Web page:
PART ONE - WHAT GREATNESS IS NOT
GREATNESS IS NOT UNREACHABLE
I’ve always loved the changing of one season to the next—both in nature and in life. Commencement ceremonies mark the beginning of a new season and provide the opportunity to challenge graduates to boldly start on their own individual journey. The idea of the final and ultimate lecture from business leaders, like Jeff Bezos or Steve Jobs, has always filled me with an unbelievable amount of hope, optimism, and a renewed drive for success. It’s the mama bird’s final push to her little baby birds to force them to go flying, full force, into the real world. They are treasure troves of life advice, words of wisdom, lessons learned, ideas on how to be successful, insights on how to be happy, and they focus on thethings that truly matter in life.
Even though it was forty years ago, it seems like yesterday when I graduated from high school and was humbled to receive the Student of the Year award for outstanding leadership and achievement. I felt unstoppable! This was my time to go forth and be great . . . Before it’s too late 26 make my life count toward the greater good.
And while I had many opportunities to go to college, I did not pursue them because of the advice from those closest to me at the time. Because I did not go to college, I resolved that both of our sons would attend (and graduate) from college. Our sons, Jeremy and Jonathan, both attained Master’s Degrees, and it was one of my proudest moments as a father when our son Jeremy addressed his graduating class at ASU.
The commencement speech affirms the value of a student’s search for knowledge. Many of us hear one or two commencement addresses as graduates, or we listen to a handful as people who have grown up and entered the real world. Yet as we graduate—from one year to another, one relationship to another, one experience to another—we are always learning.
Unfortunately, these tiny, everyday graduation moments of real life are rarely met with ceremony or any inspirational speeches; however, the words ring true and can inspire us at any hour. At least they did for me.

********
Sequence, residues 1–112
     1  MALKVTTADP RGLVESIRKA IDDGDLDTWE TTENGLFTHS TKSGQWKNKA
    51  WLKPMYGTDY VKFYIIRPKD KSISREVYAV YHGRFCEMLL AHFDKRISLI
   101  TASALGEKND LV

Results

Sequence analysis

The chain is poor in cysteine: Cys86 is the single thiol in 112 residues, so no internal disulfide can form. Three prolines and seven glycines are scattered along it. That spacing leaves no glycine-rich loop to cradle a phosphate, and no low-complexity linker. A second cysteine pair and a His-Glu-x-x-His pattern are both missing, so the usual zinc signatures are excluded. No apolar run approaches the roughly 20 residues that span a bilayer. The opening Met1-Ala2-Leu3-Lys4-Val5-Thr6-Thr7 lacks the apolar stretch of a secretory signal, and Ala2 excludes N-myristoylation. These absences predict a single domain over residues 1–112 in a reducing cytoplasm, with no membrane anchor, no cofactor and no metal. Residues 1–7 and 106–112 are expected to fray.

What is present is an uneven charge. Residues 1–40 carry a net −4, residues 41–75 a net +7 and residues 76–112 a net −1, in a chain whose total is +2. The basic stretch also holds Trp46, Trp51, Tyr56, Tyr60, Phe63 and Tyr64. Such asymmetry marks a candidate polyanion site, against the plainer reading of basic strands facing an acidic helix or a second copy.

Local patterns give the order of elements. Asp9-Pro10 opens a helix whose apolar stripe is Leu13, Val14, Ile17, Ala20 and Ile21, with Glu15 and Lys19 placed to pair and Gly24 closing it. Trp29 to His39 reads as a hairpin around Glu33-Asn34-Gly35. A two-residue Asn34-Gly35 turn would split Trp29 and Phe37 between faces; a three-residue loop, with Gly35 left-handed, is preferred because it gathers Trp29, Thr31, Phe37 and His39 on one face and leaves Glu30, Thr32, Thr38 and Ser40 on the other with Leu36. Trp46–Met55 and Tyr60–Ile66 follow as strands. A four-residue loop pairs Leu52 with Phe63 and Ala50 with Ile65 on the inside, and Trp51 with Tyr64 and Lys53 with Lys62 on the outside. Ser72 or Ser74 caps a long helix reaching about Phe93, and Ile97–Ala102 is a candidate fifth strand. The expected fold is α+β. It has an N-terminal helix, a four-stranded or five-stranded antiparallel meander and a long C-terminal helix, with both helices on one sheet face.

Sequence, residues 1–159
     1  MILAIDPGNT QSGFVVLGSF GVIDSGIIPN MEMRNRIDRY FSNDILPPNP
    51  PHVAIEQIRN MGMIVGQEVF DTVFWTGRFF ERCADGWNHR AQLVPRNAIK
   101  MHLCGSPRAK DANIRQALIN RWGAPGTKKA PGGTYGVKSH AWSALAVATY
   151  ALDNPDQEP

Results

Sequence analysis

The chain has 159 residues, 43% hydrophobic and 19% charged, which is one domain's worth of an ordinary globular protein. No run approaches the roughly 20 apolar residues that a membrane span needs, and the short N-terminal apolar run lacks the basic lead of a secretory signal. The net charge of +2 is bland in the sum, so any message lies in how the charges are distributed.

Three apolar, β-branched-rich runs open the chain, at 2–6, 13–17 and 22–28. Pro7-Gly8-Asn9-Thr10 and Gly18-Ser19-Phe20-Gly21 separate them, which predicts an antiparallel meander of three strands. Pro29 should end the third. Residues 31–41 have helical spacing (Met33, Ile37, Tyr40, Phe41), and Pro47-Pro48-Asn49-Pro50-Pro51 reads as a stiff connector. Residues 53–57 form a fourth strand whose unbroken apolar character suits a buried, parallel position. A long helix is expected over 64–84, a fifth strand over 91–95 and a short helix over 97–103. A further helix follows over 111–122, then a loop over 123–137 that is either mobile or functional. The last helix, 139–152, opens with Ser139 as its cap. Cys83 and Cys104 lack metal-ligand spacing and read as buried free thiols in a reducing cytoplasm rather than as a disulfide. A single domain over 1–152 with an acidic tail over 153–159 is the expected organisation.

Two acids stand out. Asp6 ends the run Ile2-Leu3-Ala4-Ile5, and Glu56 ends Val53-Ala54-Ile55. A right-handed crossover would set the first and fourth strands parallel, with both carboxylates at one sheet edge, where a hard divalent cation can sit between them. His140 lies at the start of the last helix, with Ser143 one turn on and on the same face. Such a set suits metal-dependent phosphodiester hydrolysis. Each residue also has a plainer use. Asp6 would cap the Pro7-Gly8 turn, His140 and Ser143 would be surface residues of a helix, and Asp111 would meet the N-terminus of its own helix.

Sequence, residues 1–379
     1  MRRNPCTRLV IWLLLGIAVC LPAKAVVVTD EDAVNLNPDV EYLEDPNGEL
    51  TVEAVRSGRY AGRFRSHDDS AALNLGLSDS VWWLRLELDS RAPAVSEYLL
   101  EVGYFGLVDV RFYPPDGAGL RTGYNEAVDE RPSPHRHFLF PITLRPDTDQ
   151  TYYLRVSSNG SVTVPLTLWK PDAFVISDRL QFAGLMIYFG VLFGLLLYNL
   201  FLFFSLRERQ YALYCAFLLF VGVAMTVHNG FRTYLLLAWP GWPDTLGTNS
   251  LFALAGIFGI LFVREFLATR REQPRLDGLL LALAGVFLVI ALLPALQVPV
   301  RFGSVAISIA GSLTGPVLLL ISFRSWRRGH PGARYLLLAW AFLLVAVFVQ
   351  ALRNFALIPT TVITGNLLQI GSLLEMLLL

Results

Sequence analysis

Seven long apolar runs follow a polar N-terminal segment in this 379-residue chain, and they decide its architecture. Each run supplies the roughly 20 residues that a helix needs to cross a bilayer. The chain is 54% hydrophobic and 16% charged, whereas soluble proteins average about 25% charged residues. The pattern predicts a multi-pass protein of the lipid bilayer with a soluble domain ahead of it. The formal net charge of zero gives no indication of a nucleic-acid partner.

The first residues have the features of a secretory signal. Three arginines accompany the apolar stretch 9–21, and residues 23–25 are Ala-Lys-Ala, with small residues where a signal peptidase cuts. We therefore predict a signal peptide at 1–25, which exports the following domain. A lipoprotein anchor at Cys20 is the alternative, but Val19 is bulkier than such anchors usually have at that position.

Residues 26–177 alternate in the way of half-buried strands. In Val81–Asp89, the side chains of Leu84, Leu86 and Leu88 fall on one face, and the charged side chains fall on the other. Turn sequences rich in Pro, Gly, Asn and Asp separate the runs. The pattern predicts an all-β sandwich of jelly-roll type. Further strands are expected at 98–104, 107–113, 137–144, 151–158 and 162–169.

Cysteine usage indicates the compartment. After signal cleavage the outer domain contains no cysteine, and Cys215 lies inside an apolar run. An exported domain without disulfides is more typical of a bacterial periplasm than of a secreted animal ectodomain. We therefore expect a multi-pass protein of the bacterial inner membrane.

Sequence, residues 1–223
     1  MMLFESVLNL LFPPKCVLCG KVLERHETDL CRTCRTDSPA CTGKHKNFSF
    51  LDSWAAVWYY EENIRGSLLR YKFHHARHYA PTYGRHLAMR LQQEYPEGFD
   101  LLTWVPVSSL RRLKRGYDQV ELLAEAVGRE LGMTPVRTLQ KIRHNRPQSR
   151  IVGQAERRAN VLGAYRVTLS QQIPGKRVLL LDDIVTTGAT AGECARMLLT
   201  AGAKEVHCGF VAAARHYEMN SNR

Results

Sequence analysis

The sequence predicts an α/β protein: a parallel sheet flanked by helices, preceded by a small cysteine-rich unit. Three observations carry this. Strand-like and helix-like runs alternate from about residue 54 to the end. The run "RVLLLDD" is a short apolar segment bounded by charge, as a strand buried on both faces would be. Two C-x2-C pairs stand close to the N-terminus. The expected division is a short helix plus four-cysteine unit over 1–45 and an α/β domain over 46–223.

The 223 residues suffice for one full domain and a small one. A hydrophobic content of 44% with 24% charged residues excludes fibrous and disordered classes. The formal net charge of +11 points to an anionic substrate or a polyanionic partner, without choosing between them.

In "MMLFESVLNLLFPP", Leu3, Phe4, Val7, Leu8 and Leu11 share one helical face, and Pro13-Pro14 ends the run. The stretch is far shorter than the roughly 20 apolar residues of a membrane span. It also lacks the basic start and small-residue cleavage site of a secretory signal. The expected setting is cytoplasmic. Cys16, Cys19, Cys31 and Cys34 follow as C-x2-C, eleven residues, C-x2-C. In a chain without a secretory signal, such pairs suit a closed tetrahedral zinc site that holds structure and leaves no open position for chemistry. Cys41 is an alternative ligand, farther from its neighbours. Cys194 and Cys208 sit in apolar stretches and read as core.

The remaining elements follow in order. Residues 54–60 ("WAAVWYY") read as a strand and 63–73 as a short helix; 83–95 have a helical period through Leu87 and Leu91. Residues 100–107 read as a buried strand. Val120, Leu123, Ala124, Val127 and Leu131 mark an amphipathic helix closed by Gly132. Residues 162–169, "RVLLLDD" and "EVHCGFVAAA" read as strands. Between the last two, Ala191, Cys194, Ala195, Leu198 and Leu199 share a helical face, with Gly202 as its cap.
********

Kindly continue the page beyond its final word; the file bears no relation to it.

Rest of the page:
In May of 2016, I watched Pastor Jentezen Franklin online as he spoke to graduates from middle school through college at Free Chapel in Gainesville, Georgia. His message was simple: “Be great before it’s too late.” The Bible verse below is the foundation of Pastor Jentezen’s message and of this book:
“But in a great house there are not only vessels
of gold and silver, but also of wood and clay, some
for honor and some for dishonor.”
- 2 Timothy 2:20, KJV
The NIV translation paraphrases it differently. “In a large house, there are articles not only of gold and silver, but also of wood and clay; some are for special purposes and some for common use” (2
Timothy 2:20, NIV, emphasis added).
Here I was a fifty-seven-year old man, hearing the commencement speech I always needed. I began thinking to myself, Do I want my life to be for a special purpose or a common one?
I began thinking about how curious it was that the illustration is about a great house. As a builder for forty years, I have had the opportunity to build many homes of different sizes, architectural styles, and with a wide variety of materials and building sites.
Our company has built a large house with only one bedroom and lavish furnishings. We have built other houses with many living areas inside and out and almost no furnishings. We have built homes that are 6,000 square feet, and we have built homes that are over 60,000 square feet. Some of these properties are completed with the finest design, materials, construction and landscaping. Many have rare and original pieces of art. In many cases, as you enter the property and make your way through the home, you sense that you are in the presence of royalty.